An indirect tax like excise duty or sales tax is levied on the value of the good or the service being sold and that raises the price of the good or the service. No wonder each time an excise duty is raised, the price of the good on which it is levied, rises. This leads to inflation and a fall in demand. All else remaining the same, indirect taxes are ‘stagflationary’, that is output stagnates while prices rise. No wonder, when the government wishes to stimulate the demand for a good, it cuts excise duty or sales tax on that item. During the global financial crisis starting in 2007, the Government of India cut excise duties.

In brief, indirect taxes add to the cost of a good or a service while direct taxes do not do so. Thus the former impacts production while the latter does not do so.

In this book, well-known economist Arun Kumar explains the reality behind GST. Known for not pulling any punches, the author explains why GST is a double-edged sword for the common man, why it will increase inequality across sectors and regions, why it will hurt small businesses-everything the government does not want you to know.

How Pole-Vaulting Can Help Energy, Environment and Employment Problems in India

An exhilarating manifesto for the future, Leapfrogging to Pole-vaulting by Dr. R.A. Mashelkar and Mr. Ravi Pandit convinces readers to make the shift from reactive leapfrogging to proactive pole-vaulting through radical transformation.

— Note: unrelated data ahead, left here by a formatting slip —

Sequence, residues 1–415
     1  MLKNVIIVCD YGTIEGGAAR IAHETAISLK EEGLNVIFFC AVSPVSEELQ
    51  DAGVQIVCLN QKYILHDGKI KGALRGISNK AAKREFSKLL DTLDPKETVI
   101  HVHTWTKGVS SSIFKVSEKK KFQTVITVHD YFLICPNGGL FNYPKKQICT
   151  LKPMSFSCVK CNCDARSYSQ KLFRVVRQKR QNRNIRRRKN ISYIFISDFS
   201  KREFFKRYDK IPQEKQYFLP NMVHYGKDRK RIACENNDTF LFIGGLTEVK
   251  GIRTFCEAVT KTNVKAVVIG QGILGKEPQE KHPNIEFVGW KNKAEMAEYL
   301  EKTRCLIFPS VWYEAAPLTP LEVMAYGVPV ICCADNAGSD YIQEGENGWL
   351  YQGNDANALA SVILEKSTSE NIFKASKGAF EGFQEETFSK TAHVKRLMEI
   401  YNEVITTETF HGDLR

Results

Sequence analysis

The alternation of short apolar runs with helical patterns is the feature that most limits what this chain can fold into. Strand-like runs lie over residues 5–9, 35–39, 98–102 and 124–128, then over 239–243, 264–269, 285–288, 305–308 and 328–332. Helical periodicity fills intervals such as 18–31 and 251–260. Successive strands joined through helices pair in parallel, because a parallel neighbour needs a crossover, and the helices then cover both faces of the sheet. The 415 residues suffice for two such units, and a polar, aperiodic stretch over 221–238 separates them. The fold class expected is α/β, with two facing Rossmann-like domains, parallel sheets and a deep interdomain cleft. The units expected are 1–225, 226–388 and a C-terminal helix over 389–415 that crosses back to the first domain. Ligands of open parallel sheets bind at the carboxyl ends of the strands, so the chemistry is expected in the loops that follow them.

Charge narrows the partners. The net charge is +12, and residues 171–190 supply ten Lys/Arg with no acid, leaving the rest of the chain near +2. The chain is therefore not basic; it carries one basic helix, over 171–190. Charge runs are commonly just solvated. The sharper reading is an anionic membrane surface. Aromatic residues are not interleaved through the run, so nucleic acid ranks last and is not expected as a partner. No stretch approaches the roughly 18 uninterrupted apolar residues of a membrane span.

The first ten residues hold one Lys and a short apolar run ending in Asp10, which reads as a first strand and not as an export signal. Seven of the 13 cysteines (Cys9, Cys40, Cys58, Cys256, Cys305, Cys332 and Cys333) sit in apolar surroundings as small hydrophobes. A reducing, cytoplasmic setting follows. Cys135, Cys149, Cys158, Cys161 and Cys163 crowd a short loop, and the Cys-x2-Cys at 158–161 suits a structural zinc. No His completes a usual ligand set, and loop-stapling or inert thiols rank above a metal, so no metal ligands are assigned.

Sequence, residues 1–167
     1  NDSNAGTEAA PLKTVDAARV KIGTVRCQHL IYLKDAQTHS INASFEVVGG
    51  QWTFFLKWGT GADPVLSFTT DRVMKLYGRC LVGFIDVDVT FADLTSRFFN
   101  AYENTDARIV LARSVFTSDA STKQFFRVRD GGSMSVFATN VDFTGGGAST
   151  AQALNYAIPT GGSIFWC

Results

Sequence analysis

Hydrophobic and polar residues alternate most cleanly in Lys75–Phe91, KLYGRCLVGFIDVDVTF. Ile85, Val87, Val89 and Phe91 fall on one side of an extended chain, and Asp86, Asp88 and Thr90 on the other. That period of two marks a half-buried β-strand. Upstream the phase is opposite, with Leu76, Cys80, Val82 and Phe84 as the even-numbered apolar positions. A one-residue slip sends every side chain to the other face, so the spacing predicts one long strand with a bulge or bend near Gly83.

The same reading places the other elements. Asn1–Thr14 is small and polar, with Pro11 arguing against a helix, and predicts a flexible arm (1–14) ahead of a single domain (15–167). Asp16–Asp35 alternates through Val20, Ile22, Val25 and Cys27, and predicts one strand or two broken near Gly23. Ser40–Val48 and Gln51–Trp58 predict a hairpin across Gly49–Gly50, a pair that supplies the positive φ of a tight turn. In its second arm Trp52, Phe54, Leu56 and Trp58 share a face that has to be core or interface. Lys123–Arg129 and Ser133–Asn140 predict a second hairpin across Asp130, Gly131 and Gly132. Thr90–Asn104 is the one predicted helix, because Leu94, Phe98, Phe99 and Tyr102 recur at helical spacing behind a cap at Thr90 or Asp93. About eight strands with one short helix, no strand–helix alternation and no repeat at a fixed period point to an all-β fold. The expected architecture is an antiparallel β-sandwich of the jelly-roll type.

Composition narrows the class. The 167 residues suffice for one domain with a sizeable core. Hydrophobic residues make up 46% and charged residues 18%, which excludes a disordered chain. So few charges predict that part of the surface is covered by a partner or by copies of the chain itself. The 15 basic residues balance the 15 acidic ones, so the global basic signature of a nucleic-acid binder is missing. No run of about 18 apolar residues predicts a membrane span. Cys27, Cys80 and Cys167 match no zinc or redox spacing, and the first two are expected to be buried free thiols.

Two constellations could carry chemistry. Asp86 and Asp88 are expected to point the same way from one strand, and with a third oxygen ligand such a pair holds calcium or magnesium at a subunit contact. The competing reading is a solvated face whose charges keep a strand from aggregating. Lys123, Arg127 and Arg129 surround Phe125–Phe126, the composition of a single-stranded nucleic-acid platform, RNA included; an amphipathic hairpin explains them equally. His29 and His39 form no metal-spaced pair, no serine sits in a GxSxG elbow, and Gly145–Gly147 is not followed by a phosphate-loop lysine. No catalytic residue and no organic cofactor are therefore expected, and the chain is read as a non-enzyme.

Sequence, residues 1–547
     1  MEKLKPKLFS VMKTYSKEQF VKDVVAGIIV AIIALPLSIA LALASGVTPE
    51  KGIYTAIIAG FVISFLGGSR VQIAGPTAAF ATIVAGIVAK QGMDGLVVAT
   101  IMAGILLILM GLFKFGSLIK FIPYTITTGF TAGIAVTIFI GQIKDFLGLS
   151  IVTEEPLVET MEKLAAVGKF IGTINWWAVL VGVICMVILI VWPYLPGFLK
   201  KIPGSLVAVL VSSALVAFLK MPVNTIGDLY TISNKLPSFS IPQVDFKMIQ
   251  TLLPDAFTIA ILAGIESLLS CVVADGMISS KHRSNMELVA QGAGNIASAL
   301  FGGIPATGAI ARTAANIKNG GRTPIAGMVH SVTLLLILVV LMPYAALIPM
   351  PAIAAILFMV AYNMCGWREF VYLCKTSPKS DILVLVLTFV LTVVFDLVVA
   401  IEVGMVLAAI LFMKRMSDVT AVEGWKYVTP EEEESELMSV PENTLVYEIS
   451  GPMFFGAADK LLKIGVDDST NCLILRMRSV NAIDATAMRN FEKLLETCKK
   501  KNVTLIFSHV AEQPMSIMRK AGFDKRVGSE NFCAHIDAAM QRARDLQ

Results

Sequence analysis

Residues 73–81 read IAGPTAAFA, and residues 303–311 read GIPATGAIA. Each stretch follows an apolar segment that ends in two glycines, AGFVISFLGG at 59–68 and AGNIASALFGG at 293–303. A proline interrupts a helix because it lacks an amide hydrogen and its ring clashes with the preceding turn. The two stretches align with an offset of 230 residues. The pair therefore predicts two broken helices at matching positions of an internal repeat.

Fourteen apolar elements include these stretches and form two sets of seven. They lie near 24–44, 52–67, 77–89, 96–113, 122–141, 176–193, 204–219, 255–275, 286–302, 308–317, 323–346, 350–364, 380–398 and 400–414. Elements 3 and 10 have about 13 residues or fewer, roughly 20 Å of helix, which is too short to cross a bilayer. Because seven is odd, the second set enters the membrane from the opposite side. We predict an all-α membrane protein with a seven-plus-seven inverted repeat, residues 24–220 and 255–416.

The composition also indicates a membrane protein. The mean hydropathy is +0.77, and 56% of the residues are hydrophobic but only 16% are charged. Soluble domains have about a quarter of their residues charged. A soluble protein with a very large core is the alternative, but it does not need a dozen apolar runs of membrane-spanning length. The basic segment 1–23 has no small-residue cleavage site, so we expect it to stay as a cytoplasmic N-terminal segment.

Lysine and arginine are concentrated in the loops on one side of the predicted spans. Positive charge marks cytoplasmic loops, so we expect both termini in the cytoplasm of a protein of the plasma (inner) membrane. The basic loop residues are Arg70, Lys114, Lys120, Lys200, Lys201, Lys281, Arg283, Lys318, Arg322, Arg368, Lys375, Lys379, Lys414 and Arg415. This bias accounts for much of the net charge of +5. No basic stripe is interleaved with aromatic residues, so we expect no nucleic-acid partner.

Here are a few pole-vaulting ideas which pose as an example for further development with challenges relating to energy, environment and employment – the 3Es, in India:

One of the most important aspect of pole-vaulting is to not better a sector in order to compete but to genuinely feel the need to develop the sector for a better future. One of the example for this is the White Revolution in India which ended up providing better means of earning for small farmers and milk producers. As in the formation of AMUL where technological improvements of storing and increasing the milk production also played an important role, India needs more of such efficient initiatives in order to generate an all-round development.

With the advent of new-age technological developments today’s common man has come a long way to living a better life as compared to that experienced by the Kings and Queens of the olden days. One such example is the establishment of Uber in India. It has resulted in creating more job opportunities. Such innovative ideas not only help with significant decrease in the fuel consumption per capita but also help in reducing the impact of vehicular pollution on the environment.

One of the main reasons for air-borne health problem in rural India is due to the domestic burning of biomass for cooking purposes in such areas. However, the introduction of electricity on these areas has essentially followed a decrease in kerosene and the polluting biomass-fuel consumption. Thus, the replacement of such methods with clean energy resources could further reduce the risk of high pollution levels in the country.

There is a dire need of alternate sources of clean energy in India. The government could be a great tool in influencing a boosting an innovative and an energy efficient idea. A good example of this is India’s Unnat Jyoti by Affordable LEDs for All (UJALA). While it was a market-driven initiative, the valuable support from the government has lead it to result in reduced carbon emissions and brought in an increased investment in the manufacturing of LED bulbs, thereby resulting in a growth in employment rates.